Friday, November 1, 2013

Fun Friday Facts #86: Octopus Edition

Today is All Saint’s Day, but saints are boring, and octopuses are not. I’m pretty sure I haven’t covered octopuses yet, but please don’t correct me if I’m wrong – I hate that.

A female octopus is known as a hen. She can lay up to 400,000 eggs during her fertile period, which lasts seven to 14 days. Males fertilize the eggs by placing their spermatophores into the funnel through which the female breaths (!!) or by simply handing them to her. For reasons no one understands, the female octopus always accepts the male’s love juice with a right tentacle. She probably uses all the left tentacles to wipe her ass.

The mother octopus sacrifices all for the care of her young, which she guards so thoroughly that she even stops eating. Once the eggs have hatched, the mother suffers “a cascade of cellular suicide,” which the Smithsonian Mag describes as “starting from the optic glands and rippling outward through her tissues…until she dies.”

How freakin' graphic.
Image by albert kok from Wikipedia probably.

All octopuses have venom, which they inject using a beak that protrudes from the side of their head. One species, the blue ringed octopus, has enough venom to kill a human. Just one blue ringed octopus, though only 5 to 8 inches (12 to 20 cm) in size, has enough venom to kill 26 adults. Its venom contains a tetrodotoxin, similar to that found in poison dart frogs and pufferfish. At least two people have died due to blue ringed octopus bites, but if the results of my Google search are any indication, you can buy them to keep as pets.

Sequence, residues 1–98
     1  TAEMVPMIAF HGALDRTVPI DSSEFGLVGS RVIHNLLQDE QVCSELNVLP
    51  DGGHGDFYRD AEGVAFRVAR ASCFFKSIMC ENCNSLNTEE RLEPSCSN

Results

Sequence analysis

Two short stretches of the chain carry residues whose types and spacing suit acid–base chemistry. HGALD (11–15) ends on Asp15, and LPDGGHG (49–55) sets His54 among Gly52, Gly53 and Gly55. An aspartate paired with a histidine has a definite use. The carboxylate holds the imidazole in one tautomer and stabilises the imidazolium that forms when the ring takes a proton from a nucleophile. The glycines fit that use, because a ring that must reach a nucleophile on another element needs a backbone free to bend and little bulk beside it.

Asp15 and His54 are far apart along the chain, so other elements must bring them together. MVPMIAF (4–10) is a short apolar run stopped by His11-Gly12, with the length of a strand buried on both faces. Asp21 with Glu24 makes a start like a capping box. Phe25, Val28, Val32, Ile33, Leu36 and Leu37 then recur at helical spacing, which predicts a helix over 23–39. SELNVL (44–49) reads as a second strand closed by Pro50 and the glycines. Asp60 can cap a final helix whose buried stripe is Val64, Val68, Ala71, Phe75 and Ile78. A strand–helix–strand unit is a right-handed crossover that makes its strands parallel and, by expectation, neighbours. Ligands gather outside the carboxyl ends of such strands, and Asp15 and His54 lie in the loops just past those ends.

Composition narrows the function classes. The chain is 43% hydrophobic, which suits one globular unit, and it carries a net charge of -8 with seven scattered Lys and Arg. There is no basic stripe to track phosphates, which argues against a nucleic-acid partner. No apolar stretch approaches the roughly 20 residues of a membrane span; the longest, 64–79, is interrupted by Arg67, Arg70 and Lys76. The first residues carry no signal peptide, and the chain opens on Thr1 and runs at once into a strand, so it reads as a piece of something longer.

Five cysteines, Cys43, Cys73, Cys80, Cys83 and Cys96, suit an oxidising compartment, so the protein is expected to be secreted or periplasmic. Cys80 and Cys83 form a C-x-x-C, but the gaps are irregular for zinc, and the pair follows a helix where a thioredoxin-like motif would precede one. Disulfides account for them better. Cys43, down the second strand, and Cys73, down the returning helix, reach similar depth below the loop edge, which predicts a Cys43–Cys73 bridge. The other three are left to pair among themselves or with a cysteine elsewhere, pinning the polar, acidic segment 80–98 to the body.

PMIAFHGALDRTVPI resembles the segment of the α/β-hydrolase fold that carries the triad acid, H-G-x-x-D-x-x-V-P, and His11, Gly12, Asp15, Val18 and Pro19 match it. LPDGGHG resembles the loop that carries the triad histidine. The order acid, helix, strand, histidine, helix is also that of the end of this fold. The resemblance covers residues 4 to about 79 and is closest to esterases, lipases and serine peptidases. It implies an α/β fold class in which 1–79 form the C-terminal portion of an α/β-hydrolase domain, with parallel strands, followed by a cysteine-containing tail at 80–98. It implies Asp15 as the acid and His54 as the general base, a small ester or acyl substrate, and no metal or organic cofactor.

It lures you in with its prettiness, AND THEN IT STRIKES.
Image by Jens Petersen from Wikipedia, definitely.

Most of an octopus’s body is pretty flexible, enabling the animal to squeeze into the tiniest of crevices. In fact, the solidest part of the octopus, aside from its human-killing venom beak, is its eyes, so an octopus’s ability to squeeze into small spaces is pretty much limited by the size of its optical orbs.
Remarkably, the octopus’s eyes retain their orientation even as the octopus itself changes position – when the rest of the octopus rolls over or flips up on its side, its gaze remains fixed on the same spot.

Two-thirds of an octopus’s neurons are found not in its head, but in its tentacles. This allows the tentacles to think for themselves. They’re capable of solving their own problems, like how to open shellfish, probe nooks and crannies, or slap researchers who have lopped them off and are pinching them in order to see how they’ll react.

Octopus ink contains tyrosinase, a compound that causes irritation to the eyes of predators and can confuse their senses of taste and smell. The octopus is not immune to its own ink. If it doesn’t escape from its own ink cloud fast enough, it will die.

The blood of the octopus has a copper base, unlike the iron-based blood of many vertebrates. This allows the octopus to tolerate lower water temperatures and lower oxygen levels in the water, but makes it very vulnerable to the acidification of the world’s oceans that is occurring as the result of climate change.

Finally, the male octopus’s sexual organ, called the ligula, is found at the end of one of its third right arm. So, don’t let it touch you with that one, I guess. 

I think this one might be a female, though, it looks like it has a funnel.